Hudson Valley Home Sales Market Continues Feverish Sales Pace

John Jordan | April 2016

Extensive series of a Caucasian Real Estate Agent and African-American Couple in front of a home.

WHITE PLAINS—The Hudson Valley home sales market in the first quarter continued its upward trajectory, with increased sales throughout the four county region. However, the market has yet to truly become a seller’s market since sale prices were flat or even decreased in the four county HGAR region.

HomSalChartA majority of all housing categories (single family, cooperative and condominium) are participating in this continued surge of sales activity. The notable exception is the higher-end of the luxury market, particularly in Westchester County, veteran Realtors tell Real Estate In-Depth.

According to the 2016 First Quarter Residential Real Estate Sales Report for Westchester, Putnam, Rockland and Orange Counties, released recently by the Hudson Gateway Multiple Listing Service (see full report and statistics on pages 27 and 28) overall home sales activity in the Hudson Valley in the first quarter of this year increased 18.5% from the same period last year.

Orange County posted the highest sales increase at 33%, followed by 30.1% higher sales in Putman, a 14% rise in sales in Westchester, rounded out by a 9.4% increase in Rockland County. HGMLS reported that all housing types are seeing increased demand, led by cooperatives (mainly in Westchester County), which enjoyed 17.5% higher sales than the first quarter of 2015. Condominium sales were 15.7% higher and single-family houses increased 11.2% in the first quarter as compared to the first quarter of 2015.

While the market continues to enjoy strong demand in most housing categories, median sale prices are stable at best, which some Realtors believe is a sign that the market is not overheated.

The median sale price of a single-family house in the first quarter of this year in Westchester was $569,950—down 5.0% from last year’s $600,000. Rockland County’s median sale price fell less than a percentage point to $399,000 from a year earlier. Two counties in the HGAR region saw median sale price increases—Orange County, which has seen its median sale price fall for a protracted period, enjoyed a 2.1% increase in the first quarter of 2016 to $215,000. Putnam County registered a 10.5% increase to $300,000. However, the HGMLS noted in its report that the price hike was based on a small base of sales where a dozen or so sales can yield large percentage changes.

Joseph Rand, managing partner, Better Homes and Gardens Rand Realty, noted that he previously predicted 2016 would be marked by increased sales, declining inventory and rising prices. He told Real Estate In-Depth that he was on the mark on two of his three predictions.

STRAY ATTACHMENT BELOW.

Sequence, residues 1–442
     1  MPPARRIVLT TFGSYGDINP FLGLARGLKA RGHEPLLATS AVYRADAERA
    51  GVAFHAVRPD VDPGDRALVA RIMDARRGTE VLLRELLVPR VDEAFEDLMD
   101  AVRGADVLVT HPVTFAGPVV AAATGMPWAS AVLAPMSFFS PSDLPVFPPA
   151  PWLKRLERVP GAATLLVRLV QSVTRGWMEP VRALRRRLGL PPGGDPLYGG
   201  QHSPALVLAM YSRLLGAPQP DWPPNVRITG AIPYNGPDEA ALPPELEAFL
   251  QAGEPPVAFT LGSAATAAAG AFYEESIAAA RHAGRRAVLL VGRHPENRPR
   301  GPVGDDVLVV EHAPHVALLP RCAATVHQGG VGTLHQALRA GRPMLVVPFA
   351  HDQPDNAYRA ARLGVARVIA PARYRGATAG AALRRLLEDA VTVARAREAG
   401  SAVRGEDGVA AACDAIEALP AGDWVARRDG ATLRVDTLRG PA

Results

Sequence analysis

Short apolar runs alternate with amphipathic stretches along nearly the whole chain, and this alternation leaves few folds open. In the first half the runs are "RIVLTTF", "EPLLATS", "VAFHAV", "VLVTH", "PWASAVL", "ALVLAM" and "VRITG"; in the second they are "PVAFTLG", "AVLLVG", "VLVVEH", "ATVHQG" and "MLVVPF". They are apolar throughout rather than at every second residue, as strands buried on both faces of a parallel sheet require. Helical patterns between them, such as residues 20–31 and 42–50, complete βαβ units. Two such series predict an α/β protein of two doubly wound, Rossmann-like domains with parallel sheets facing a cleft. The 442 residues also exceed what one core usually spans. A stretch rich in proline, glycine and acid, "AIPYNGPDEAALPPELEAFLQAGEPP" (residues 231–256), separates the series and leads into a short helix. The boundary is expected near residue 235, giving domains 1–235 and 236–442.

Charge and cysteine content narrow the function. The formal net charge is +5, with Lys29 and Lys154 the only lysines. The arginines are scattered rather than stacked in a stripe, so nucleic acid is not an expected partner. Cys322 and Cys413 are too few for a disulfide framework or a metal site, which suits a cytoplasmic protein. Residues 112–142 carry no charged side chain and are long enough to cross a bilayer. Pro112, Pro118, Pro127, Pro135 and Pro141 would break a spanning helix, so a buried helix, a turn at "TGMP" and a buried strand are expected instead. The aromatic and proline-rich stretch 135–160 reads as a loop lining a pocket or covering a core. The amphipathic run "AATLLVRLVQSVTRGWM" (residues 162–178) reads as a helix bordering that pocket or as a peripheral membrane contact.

“The Westchester and Hudson Valley regional housing market in the first quarter of 2016 picked up where 2015 left off, with another surge in sales activity that is still not yet having a widespread impact on home prices,” he said. “With inventory declining throughout the region, though, we believe that we will start seeing meaningful price appreciation before the end of the year.”

He noted that the region closed more than 14,000 single-family sales over the past 12 months, which is the highest rolling year total since the middle of 2006, which was, he related, the tail end of the last seller’s market.

Rand said that buyers flocked to the lower and middle-priced housing. While sales in the luxury market are up, that sector is not enjoying the same robust sales activity. Rand does believe, however, that with declining inventory region-wide, price appreciation is on the horizon.

Region-wide, Rand related, “Going forward, we expect a robust spring market. All the fundamentals point to a burgeoning ‘seller’s market,’ with demand high, inventory falling, interest rates low, and a generally improving economy. Accordingly, we expect that sales will continue to go up, and that the strength in the lower-priced markets will gradually extend throughout all price points.”

Anthony Cutugno, senior vice president, director of private brokerage for Houlihan Lawrence, said, “What we’re selling is what is perceived as really good value. That is why our strategies are right now to convince sellers to price very closely to where we think these properties are worth and where we think they are going to trade.”

He said that there is a lot more sales activity in Southern Westchester than in Northern Westchester. He noted that while sales are strong in Westchester County for homes priced under $1 million, the high-end luxury market—$5 million and over in Southern Westchester and $2 million and over in Northern Westchester are not seeing strong demand at the moment.